Quebec native Vincent Lecavalier scored 52 goals for the Tampa Bay Lightning this season to lead the entire NHL and was given the Richard Trophy at an awards luncheon on Saturday.
The Richard Trophy was first handed out in 1999. It’s previously been won by Canadians from Ontario and Alberta along with Russians, a Finn and a Czech.
Lecavalier is the first Francophone to have his name inscribed on it.
“It means a lot,” said Lecavalier, who was born in Ile Bizard, Que. “Maurice Richard is a legend in Montreal and even though I didn’t really see him play, we still heard stories about him.
“I never thought that it would happen and it did. I’m very happy that everything went the way it did this year.”
Richard’s younger brother, Henri, presented Lecavalier with the trophy. He accepted it by shaking hands with Henri Richard and saying: “Merci beaucoup.”
It was the final award presented on a day when Sidney Crosby was given the Art Ross Trophy for leading the NHL in points and Minnesota Wild goaltenders Niklas Backstrom and Manny Fernandez shared the Jennings Trophy for allowing the fewest goals against.
Crosby has had quite a week after being named captain of the Pittsburgh Penguins on Thursday – making him the youngest player ever to be given such responsibility.
Lecavalier is the next youngest player to have been a captain in the NHL, but the two had yet to discuss that before attending Game 3 of the Stanley Cup on Saturday night.
“No, we haven’t,” said Crosby. “We’ll have time tonight I’m sure.”
There would certainly be a lot to talk about.
Like Crosby, Lecavalier entered the league with a lot of expectations after being a junior star with the QMJHL’s Rimouski Oceanic and getting selected first overall in the NHL draft.
The similarities seem to end there.
It took Lecavalier time to adjust to the spotlight and he was stripped of his captaincy less than two years after receiving it. That’s now well in the past as Lecavalier has since won a Stanley Cup with the Lightning and established himself as one of the league’s best players.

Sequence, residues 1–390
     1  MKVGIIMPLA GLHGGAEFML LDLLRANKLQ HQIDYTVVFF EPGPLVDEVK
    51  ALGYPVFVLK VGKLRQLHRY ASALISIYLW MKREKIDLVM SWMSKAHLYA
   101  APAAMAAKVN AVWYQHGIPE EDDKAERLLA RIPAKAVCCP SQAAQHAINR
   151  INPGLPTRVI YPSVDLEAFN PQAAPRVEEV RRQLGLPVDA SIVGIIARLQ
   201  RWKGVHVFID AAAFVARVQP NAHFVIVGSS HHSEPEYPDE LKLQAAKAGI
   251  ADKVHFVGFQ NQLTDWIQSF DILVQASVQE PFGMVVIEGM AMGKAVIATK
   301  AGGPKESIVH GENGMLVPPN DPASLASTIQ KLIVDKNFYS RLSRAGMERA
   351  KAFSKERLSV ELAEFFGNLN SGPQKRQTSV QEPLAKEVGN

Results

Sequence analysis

His story only illustrates how remarkable of a player Crosby is.
“I got in the league at 18 years old and it’s very tough,” said Lecavalier. “You’re playing against guys that are 30 years old and are 250 pounds. They’re strong physically.
“To do what he’s doing right now is unbelievable.”
Crosby held the league’s scoring lead from early December until the end of the season, eventually finishing with 120 points. San Jose Sharks forward Joe Thornton finished second with 114.
It was a considerable achievement for a young player who has exceeded expectations his entire life.
“He’s 19 years old,” said Lecavalier. “I can’t even imagine how great he’s going to be at 26 or 27.”
Indeed, one can imagine that this probably won’t be the last awards ceremony that Crosby attends.
He says that winning the scoring title was never really a goal. After getting his first taste of the NHL playoffs this spring before being eliminated by Ottawa, there’s only one trophy on his mind.
“It’s always nice to win individual awards and I don’t want to take anything away from them because they’re accomplishments and something I’m proud of,” said Crosby. “But when you look back on your career you want to be able to win the Stanley Cup.
“I think that’s something that drives me every time I play.”
On Friday night, Crosby had the chance to speak with Henri Richard and fellow Montreal Canadiens legend Jean Beliveau, who have won 21 NHL championships between them.
That might have been the highlight of his whole trip.
“Here I am talking about trying to win one Stanley Cup and those guys have 10 or 11,” Crosby said with a laugh. “It doesn’t seem fair.”